having the 12th largest convention center in the country, the outdated Javits
Center in Manhattan, to having the largest. That means fully expanding and
converting Aqueduct into a one-stop destination for shows, hotel guests,
conventioneers and casino gamblers.
The necessary state constitutional amendment that would
allow full-fledged casino games — not just slots — would take some time and
complicated political work, including convincing the public to ratify the
amendment once it passes through two consecutive legislatures.
If this dream plan comes to fruition, it’s highly likely
that horse racing at Aqueduct would be phased out.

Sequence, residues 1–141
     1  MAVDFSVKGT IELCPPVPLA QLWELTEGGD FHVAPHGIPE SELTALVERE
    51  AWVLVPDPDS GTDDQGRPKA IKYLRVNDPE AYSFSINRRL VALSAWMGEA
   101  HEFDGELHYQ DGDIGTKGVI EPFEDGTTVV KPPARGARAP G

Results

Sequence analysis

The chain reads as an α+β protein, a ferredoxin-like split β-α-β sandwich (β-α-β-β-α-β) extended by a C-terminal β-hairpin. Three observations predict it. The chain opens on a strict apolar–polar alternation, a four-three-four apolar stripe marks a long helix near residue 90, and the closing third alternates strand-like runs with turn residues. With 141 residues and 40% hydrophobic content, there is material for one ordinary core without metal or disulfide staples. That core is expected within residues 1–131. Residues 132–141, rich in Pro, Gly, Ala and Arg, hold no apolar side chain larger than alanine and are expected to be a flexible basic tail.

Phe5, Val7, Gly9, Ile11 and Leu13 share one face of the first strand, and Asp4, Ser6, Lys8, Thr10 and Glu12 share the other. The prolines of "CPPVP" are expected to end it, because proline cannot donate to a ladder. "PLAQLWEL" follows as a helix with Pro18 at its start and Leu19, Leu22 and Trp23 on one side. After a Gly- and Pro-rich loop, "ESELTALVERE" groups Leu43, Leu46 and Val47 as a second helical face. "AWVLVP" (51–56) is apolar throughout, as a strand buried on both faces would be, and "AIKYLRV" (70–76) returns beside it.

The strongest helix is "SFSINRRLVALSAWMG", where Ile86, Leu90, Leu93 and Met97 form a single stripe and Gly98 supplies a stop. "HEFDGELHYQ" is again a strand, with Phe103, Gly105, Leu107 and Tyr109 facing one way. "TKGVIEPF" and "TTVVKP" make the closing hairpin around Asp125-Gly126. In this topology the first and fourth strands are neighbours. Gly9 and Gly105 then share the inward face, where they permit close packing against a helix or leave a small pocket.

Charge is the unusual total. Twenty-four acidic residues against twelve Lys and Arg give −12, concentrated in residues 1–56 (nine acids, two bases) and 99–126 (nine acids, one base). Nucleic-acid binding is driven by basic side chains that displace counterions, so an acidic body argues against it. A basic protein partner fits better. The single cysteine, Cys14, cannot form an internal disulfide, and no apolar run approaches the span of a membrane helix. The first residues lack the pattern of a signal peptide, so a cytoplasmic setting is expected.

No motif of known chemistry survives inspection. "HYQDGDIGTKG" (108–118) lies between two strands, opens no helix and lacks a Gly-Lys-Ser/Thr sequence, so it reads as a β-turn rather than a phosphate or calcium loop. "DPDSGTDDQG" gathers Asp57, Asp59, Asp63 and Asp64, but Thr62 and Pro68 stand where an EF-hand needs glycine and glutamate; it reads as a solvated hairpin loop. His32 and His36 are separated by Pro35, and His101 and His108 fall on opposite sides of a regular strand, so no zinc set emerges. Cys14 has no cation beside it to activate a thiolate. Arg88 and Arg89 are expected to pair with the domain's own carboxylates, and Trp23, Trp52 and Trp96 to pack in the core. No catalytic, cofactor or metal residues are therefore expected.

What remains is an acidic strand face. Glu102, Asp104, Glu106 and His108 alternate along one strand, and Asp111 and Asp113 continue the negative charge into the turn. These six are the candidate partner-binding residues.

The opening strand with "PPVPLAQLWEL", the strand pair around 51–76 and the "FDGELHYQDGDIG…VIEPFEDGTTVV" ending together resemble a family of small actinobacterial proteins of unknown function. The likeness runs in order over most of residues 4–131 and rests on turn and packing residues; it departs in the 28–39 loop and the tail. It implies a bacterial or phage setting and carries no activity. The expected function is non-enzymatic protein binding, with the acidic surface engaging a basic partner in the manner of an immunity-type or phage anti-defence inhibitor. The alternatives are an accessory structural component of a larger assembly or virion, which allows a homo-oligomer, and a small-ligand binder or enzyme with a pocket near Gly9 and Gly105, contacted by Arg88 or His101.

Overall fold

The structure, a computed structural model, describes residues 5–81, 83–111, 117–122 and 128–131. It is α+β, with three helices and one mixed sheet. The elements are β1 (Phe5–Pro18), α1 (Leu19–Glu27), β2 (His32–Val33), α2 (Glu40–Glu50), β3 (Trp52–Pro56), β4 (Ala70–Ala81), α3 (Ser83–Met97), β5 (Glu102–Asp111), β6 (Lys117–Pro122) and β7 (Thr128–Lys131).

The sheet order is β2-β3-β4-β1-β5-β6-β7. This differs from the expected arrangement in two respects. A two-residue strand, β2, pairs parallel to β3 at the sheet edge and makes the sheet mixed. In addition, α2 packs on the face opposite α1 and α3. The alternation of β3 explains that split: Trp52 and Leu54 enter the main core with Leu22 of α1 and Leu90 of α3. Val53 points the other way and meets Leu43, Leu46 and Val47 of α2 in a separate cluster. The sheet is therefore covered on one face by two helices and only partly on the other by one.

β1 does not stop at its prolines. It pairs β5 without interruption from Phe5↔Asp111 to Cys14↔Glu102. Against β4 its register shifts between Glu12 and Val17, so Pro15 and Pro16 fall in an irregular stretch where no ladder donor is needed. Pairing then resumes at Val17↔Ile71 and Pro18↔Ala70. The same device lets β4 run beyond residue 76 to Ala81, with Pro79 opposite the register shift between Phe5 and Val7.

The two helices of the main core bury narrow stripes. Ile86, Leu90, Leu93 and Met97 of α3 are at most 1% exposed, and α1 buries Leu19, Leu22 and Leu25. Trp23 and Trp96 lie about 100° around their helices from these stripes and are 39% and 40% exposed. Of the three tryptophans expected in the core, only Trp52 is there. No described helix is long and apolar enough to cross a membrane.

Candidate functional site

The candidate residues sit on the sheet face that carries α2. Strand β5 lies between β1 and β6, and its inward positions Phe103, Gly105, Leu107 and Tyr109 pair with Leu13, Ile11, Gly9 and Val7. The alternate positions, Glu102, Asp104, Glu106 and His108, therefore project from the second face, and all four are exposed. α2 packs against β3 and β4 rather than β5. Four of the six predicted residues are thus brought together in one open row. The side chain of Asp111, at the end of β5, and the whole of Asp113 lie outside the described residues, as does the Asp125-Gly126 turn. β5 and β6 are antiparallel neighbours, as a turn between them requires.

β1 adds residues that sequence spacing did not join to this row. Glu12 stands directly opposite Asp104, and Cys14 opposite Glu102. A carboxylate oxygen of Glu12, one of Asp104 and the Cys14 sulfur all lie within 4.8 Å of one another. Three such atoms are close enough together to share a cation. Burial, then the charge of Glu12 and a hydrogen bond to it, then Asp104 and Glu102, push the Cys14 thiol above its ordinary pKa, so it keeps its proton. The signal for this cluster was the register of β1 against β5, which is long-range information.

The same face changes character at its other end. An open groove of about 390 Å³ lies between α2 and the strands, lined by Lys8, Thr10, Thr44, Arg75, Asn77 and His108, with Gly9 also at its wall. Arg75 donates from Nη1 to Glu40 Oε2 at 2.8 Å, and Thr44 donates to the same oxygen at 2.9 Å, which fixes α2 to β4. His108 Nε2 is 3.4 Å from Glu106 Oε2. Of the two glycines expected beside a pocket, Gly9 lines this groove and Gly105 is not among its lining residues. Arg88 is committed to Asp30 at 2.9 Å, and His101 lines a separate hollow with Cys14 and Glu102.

In the meantime, if you’re a racing fan and get an
opportunity to visit Aqueduct, be prepared for an eye-opening transformation (I
was making a pit stop there between assignments at Fenway Park for
Union-Harvard hockey and Siena vs. Manhattan in the Bronx).
I’d read numerous reviews and reports about the new casino,
but you really do have to see it to believe it. Resorts World New York shouldn’t
be compared to other racinos, like Saratoga Casino and Raceway, because the
casino absolutely dominates the scene now. And, at first blush, it was actually
pretty astonishing for this non-casino person.
I’ve compared the renovated Churchill Downs to the Mayflower
converted to a luxury liner, with the two graceful trademark spires allowed to
co-exist, if submissively, with swanky superstructures on either side. But the
racetrack clubhouse at Aqueduct is just an old afterthought, nothing else.
Veteran turf writer Ed Fountaine of the New York Post said
that the first time he walked from the racing side to the casino side, it was